CHARLES MILLER is that rare combination: a maverick and an insider. The 62-year-old is an integral part of the business and political power structure in Houston and in state government, yet his public profile is so low that it is practically invisible. He has no training in education, no advanced degrees, and no experience as a teacher, an administrator, or a school board member, yet the past three Texas governors—first Bill Clements, then Ann Richards, and now George W. Bush—have each sought his help in solving the seemingly intractable problems that face our public schools. Through it all, Miller has worked consistently for two goals: local control and accountability. The result of his efforts is that Texas schools have, slowly and with little fanfare, been changed so dramatically that we find ourselves on the eve of important, positive reforms in our school system for the first time in twenty years.

Miller’s own education hardly followed the normal pattern. In 1950, when he was sixteen years old, he hitchhiked to Austin from his parents’ modest home in Galveston to attend the University of Texas. He put himself through school at first by working and later by earning scholarships and playing poker and bridge. “In every case,” he remembers today, “I had my best academic years when I was winning money at cards and my worst academic years when I was on scholarship.” He played with the legendary bridge master Oswald Jacoby and was poised to compete internationally—but, he says, “When I realized I could make more money investing than playing cards, I quit.” In the years since, he has founded and directed a number of successful pension management firms and mutual funds.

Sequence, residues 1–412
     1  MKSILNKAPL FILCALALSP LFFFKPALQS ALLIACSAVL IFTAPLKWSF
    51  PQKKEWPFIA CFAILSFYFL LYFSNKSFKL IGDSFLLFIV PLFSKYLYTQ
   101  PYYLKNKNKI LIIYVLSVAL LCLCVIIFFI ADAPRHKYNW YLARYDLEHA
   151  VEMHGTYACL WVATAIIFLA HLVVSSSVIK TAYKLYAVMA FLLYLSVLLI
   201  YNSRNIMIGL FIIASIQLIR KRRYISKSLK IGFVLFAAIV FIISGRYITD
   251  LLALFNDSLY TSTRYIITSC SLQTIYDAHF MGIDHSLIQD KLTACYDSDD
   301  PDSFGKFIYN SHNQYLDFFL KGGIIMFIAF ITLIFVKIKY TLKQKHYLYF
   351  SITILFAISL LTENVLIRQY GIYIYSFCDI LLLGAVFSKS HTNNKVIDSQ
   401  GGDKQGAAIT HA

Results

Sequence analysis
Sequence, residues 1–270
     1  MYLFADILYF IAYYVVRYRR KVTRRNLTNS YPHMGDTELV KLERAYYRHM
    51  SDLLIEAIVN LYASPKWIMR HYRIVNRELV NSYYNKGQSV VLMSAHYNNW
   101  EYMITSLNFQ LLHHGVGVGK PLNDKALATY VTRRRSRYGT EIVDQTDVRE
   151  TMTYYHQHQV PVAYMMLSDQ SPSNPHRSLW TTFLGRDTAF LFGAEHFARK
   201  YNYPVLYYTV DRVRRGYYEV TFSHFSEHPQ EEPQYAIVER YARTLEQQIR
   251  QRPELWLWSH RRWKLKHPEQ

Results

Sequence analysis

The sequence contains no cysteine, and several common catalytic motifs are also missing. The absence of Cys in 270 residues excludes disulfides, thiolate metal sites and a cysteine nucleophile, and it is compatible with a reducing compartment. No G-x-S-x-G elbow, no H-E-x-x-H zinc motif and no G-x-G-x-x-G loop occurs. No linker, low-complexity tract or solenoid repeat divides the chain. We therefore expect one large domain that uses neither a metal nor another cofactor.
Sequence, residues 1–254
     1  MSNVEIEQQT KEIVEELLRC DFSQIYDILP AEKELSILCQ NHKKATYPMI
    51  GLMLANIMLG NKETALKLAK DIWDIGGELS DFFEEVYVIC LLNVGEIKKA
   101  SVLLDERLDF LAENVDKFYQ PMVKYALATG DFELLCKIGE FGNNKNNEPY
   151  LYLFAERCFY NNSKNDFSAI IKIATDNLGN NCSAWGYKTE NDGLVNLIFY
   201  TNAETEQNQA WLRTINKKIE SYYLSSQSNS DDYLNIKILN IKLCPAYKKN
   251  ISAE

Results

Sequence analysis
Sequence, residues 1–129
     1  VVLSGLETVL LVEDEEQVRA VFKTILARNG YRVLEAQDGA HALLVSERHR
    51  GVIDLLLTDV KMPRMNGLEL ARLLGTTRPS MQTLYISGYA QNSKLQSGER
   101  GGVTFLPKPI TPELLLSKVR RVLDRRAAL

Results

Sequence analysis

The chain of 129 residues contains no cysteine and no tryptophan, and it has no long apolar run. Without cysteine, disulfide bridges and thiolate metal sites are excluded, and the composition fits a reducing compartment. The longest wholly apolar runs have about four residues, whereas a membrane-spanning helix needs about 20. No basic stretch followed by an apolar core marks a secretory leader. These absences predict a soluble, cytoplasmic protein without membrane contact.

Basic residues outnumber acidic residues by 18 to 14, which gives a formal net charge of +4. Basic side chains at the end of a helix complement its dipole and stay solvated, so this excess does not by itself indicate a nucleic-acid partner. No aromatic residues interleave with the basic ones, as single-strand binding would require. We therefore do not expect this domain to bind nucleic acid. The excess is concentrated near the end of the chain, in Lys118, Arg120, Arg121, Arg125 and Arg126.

The governors have appointed Miller to a series of task forces on education whose stated purpose was to work on school funding. But over time he came to see in the turmoil over financing an opportunity for deep structural reforms to be passed without a lot of contention in the Legislature. The decentralization of power from the state to local districts, the draining of power from the contentious state board of education, and most recently the development of the governor’s reading initiative are all programs and reforms that he has worked to bring about.

Of all the changes, he believes the “big sea change” was the state-wide system of accountability passed by the Legislature in 1993. “Now accountability starts with an individual school and goes right up the line, straight to the governor,” he says. “The point is not to punish, but to change behavior. When people know they are being held accountable, they do things differently.” Because of Charles Miller, Texas schools will be getting report cards as well as giving them.